Warning: Popular Cannabis Vapes and Sedatives Contaminated with Deadly Animal Tranquiliser, Study Finds

London, United Kingdom – People in the UK seeking relief from pain, anxiety, and insomnia by purchasing cannabis vapes and illicit sedatives may unknowingly be putting themselves at risk of consuming a powerful animal tranquilizer known as xylazine. This substance, which can lead to skin ulcers and overdoses, has been increasingly present in the UK, following a trend that has been prevalent in the US for several years.

According to research from King’s College London, xylazine has been steadily growing in the UK since 2022, leading to multiple deaths. Unlike in the US, where xylazine is commonly mixed with strong opioids like heroin or fentanyl, in the UK, it has been found in counterfeit prescription drugs and vapes containing THC. This poses a significant risk to a broader population beyond just heroin users.

Dr. Caroline Copeland, a senior author of the study, highlighted the alarm raised by the presence of xylazine in the UK market. As more people who use drugs beyond heroin are exposed to its harms, the risk of overdose increases significantly, especially when xylazine is unknowingly combined with other substances. The findings, published in the Addiction journal, found that xylazine was linked to multiple deaths among those tested positive for the drug.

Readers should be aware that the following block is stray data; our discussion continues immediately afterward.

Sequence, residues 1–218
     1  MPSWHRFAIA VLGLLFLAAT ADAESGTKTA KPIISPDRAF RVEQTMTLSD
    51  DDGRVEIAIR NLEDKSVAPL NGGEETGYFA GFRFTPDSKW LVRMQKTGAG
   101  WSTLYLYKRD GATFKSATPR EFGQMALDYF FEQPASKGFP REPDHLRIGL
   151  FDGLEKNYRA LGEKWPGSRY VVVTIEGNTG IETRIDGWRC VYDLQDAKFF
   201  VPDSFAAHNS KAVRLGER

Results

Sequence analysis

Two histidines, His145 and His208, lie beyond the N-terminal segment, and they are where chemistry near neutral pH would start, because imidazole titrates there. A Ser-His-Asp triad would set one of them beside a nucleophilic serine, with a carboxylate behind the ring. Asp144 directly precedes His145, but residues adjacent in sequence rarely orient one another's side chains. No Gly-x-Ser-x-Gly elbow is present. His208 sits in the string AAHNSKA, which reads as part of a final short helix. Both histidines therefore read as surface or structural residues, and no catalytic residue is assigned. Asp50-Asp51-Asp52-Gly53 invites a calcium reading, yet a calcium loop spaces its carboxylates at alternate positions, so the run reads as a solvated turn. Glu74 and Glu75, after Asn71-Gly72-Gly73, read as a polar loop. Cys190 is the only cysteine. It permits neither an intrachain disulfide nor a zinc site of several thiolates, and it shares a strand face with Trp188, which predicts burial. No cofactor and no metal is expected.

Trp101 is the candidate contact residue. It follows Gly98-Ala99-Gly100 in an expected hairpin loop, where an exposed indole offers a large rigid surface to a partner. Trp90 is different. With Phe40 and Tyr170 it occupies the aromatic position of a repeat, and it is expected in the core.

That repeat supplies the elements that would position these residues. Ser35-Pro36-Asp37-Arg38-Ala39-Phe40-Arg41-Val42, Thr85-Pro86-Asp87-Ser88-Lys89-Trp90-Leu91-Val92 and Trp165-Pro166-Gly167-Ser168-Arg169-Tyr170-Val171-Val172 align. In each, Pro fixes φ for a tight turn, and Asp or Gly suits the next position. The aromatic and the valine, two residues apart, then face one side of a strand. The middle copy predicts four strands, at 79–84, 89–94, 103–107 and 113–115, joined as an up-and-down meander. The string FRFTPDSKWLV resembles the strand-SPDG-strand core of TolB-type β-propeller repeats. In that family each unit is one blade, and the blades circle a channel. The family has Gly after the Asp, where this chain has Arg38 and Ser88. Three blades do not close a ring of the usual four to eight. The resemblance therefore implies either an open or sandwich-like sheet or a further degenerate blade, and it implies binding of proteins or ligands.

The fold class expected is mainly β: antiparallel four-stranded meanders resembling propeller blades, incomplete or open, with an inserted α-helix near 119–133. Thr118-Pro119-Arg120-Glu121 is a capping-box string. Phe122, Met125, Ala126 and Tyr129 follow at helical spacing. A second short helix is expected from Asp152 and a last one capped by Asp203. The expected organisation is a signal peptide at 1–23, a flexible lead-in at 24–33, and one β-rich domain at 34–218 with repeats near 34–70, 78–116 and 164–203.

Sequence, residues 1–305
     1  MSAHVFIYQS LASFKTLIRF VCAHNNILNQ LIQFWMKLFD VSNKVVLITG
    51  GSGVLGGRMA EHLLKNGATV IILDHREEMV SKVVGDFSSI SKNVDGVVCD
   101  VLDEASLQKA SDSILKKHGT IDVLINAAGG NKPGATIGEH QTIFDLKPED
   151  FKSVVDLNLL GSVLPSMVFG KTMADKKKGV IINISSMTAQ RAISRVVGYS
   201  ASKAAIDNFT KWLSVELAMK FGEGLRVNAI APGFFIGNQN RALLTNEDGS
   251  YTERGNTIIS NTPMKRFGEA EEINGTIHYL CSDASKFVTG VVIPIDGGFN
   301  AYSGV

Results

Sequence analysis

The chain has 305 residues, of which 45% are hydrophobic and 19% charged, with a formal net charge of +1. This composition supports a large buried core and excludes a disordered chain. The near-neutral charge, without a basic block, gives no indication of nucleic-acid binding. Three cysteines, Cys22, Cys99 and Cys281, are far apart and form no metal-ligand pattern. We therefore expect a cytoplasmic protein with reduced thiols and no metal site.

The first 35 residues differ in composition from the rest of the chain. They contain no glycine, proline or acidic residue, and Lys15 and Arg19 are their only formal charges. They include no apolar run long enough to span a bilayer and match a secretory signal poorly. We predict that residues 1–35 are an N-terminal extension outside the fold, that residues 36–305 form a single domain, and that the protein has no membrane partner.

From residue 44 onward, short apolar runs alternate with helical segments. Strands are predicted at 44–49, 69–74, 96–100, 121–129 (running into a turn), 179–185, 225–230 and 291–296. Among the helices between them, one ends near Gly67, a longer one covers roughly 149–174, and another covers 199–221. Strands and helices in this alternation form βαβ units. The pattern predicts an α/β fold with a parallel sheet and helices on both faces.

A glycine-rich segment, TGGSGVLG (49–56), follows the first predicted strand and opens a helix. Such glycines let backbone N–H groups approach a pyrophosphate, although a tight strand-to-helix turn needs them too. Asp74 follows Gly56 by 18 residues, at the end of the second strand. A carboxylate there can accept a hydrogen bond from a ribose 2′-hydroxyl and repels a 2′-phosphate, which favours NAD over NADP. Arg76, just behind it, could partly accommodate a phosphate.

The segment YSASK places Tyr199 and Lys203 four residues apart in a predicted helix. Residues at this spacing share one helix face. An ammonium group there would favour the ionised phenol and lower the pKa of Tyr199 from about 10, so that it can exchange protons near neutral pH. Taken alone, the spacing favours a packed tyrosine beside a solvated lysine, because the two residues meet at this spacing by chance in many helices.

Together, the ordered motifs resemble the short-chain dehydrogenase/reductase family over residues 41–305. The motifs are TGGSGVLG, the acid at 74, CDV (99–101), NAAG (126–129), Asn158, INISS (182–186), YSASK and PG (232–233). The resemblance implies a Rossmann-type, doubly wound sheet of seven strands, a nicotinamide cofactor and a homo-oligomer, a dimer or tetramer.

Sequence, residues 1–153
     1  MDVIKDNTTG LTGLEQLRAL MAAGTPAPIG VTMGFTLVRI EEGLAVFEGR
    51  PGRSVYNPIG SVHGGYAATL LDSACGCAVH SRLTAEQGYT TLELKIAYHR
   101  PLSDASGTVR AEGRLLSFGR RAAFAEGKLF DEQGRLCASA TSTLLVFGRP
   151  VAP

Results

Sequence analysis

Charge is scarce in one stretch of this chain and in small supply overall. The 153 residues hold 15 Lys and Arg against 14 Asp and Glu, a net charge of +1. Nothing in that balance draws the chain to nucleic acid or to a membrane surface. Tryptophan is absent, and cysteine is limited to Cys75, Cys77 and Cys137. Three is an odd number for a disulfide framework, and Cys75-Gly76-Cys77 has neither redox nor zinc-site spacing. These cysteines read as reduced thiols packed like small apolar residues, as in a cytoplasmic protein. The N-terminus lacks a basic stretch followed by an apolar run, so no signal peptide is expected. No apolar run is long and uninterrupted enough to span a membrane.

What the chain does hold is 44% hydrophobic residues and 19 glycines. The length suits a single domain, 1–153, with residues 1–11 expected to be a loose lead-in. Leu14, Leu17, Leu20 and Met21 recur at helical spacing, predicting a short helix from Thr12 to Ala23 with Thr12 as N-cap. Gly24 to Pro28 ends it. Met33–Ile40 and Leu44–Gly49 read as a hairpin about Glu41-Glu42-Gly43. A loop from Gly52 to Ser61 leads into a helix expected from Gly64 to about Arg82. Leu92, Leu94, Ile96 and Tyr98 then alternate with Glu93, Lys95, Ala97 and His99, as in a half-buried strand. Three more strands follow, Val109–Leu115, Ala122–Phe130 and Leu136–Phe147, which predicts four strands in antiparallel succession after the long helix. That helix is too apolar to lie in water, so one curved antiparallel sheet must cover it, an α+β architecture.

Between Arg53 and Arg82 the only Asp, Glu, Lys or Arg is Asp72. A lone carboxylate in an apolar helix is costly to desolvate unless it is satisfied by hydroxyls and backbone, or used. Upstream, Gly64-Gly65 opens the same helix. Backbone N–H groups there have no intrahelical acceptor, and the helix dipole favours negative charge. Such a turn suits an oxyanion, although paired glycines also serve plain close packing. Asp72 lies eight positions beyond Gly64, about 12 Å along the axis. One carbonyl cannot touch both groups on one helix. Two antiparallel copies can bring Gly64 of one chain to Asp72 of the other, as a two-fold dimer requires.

Xylazine is a non-opioid sedative and muscle relaxant commonly used in veterinary medicine. When cut with heroin and fentanyl, it can lower vital functions like breathing and heart rate to dangerous levels. The emergence of xylazine in the UK comes in the wake of the spread of nitazenes, synthetic drugs that have been implicated in a number of recent deaths among heroin users.

Dr. Adam Holland, a co-chair of the drugs special interest group at the University of Bristol and co-author of the study, underscored the urgent need for harm reduction interventions to prevent further deaths related to xylazine and other illicit drugs. The growing adulteration of drugs and the resulting increase in deaths serve as a clear indication that current punitive drug laws are failing to address the issue effectively.

In response to the threat posed by xylazine and other synthetic drugs, the government is taking steps to protect the public. Plans are underway to classify xylazine as a class C drug, with penalties of up to 14 years in prison, fines, or both for those found supplying the substance. This move aims to deter the distribution and use of xylazine, emphasizing the government’s commitment to addressing the dangers posed by illicit drugs in the UK.